Fleet profile: Waste Connections Refuse

Fleet profile: Waste Connections Refuse

While fleets across the country remain focused on COVID-19 prevention issues, there’s no question that refuse collection operations are going the extra mile to safely provide an essential service. For Waste Connections, an integrated solid waste services company that operates over 10,000 vehicles at approximately 500 facilities in the U.S. and Canada, working to ensure the safety of employees, customers and communities is ongoing and all-encompassing.

“At Waste Connections, we have developed and implemented business continuity plans to ensure our operations run as effectively as possible during this unique period,” says Darrell Chambliss, executive vice president and chief operating officer. “We’re closely monitoring the current situation and following guidance from the CDC, WHO, and state and local public health officials.

“We recognize that the Coronavirus outbreak has tremendous unknowns and could cause unanticipated service delays and interruptions, or unusually high call volumes,” Chambliss continues. “But we provide an essential service within our communities so we’re focused on keeping our commitment to give customers the best possible service in an effective manner.”

Waste Connections, based in Houston, serves millions of customers across the U.S. and Canada at single- or multi-family residences, commercial institutions, industrial locations, construction sites and special events. In 42 states and five provinces it provides collection, transfer, recycling and disposal services.

Changing how we work

“COVID-19 has impacted our fleet operations across North America and has changed how we do things,” Chambliss says. “We’ve had to implement protocols for social distancing, hygiene, travel and communication. It forced us to take a step back and look at how we do things, and as it evolves it will continue to change how we work.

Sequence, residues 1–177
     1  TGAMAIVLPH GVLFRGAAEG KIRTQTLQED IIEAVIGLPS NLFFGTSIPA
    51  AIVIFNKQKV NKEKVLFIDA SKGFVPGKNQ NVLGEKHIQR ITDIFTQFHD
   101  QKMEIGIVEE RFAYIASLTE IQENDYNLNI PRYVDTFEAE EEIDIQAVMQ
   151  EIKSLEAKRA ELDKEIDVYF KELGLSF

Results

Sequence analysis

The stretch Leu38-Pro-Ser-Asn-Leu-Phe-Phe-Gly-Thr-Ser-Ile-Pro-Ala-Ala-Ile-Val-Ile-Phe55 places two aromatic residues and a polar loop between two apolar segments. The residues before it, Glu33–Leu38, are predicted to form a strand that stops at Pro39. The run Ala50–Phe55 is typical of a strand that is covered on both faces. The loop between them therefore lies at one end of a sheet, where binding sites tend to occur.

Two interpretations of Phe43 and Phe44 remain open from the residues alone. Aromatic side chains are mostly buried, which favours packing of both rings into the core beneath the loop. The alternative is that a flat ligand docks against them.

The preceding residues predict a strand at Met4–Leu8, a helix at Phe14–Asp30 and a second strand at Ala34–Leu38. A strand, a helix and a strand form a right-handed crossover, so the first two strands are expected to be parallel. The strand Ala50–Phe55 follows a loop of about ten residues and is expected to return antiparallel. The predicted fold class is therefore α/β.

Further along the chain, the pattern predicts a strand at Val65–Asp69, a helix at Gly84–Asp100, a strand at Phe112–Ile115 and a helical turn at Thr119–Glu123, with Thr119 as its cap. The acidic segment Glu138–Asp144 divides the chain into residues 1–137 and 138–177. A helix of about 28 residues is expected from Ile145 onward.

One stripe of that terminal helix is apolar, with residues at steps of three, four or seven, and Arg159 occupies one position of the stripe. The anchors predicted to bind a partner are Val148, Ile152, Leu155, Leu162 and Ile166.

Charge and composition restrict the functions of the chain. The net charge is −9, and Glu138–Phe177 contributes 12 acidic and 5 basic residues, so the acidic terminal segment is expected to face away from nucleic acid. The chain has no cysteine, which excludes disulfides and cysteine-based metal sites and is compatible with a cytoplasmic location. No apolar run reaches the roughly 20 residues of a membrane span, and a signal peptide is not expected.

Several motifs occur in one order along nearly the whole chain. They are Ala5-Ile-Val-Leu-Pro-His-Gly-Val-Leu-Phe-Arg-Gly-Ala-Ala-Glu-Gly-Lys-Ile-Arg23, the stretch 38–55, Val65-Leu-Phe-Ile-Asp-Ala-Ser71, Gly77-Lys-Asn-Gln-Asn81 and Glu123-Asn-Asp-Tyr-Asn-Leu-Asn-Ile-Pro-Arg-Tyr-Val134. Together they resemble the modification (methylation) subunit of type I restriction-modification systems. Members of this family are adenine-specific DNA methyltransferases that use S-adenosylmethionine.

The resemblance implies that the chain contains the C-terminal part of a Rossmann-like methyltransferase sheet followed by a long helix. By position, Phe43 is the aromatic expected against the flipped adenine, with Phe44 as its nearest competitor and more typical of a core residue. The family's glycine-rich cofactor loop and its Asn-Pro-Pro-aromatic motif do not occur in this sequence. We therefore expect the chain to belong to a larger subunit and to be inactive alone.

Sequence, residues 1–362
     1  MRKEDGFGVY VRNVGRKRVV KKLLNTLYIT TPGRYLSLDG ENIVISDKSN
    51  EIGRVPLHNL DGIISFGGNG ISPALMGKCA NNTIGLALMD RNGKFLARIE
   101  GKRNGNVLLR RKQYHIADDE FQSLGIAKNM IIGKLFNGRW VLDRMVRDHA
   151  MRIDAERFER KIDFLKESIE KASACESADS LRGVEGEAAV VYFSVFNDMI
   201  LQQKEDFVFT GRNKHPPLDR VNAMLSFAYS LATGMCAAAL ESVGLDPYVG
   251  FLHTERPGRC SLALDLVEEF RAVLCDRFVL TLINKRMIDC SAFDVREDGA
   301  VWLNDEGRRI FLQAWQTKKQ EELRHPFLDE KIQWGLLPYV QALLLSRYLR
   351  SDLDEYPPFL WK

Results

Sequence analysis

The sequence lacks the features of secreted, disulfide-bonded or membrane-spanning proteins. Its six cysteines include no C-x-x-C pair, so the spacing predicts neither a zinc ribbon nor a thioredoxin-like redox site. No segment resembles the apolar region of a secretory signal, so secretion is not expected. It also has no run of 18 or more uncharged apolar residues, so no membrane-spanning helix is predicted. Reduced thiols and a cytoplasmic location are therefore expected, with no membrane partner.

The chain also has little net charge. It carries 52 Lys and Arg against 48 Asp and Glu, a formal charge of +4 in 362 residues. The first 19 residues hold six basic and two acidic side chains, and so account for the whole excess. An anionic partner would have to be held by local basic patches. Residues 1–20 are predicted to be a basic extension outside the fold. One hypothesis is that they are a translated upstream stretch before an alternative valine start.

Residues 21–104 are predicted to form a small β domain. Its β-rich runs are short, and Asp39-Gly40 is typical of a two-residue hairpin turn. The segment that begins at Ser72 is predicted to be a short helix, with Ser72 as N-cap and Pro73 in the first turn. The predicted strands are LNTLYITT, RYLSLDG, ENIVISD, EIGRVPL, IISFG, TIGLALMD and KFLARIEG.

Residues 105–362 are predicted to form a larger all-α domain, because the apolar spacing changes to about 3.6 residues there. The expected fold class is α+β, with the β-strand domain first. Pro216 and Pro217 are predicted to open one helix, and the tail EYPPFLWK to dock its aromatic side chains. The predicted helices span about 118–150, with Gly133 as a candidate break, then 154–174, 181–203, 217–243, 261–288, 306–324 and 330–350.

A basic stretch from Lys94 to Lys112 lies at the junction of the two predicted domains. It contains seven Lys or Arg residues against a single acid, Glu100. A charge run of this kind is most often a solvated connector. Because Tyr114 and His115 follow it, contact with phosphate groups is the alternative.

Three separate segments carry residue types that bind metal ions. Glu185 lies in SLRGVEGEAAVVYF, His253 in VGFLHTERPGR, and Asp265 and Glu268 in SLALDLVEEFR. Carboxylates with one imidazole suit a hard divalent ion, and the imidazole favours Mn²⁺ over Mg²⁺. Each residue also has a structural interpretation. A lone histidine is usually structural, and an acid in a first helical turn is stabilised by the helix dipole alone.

“While some of our people in areas such as customer service and accounting can work remotely, our operations managers, maintenance technicians and drivers—who make up the vast majority of our staff—have to report to work every day. Their jobs, whether it’s on routes, operating scales at facilities or maintaining and repairing vehicles, have to be done on site so we’re addressing those needs directly and comprehensively.”

For example, Chambliss relates that while the majority of Waste Connections’ collection vehicles can be operated by single drivers, there are some communities that haven’t transitioned to automated bodies and still require manual residential waste pick up service. In those locations, he advises, the company has implemented strict hygiene practices, distancing protocols and has issued masks, gloves and hand sanitizer. It is also evaluating a plastic shield that one truck manufacturer has made available to separate drivers and front-seat passengers.

Among the more than 10,000 vehicles in the Waste Connections operation are 8,500 units used for waste and recycling collection service at residences, businesses, industrial locations and construction sites. Route vehicles in the fleet are supplied by Freightliner, Mack, Peterbilt and Autocar and are equipped with bodies and containers from Heil, McNeilus, Labrie, Galbreath and UHE.

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Standardizing while growing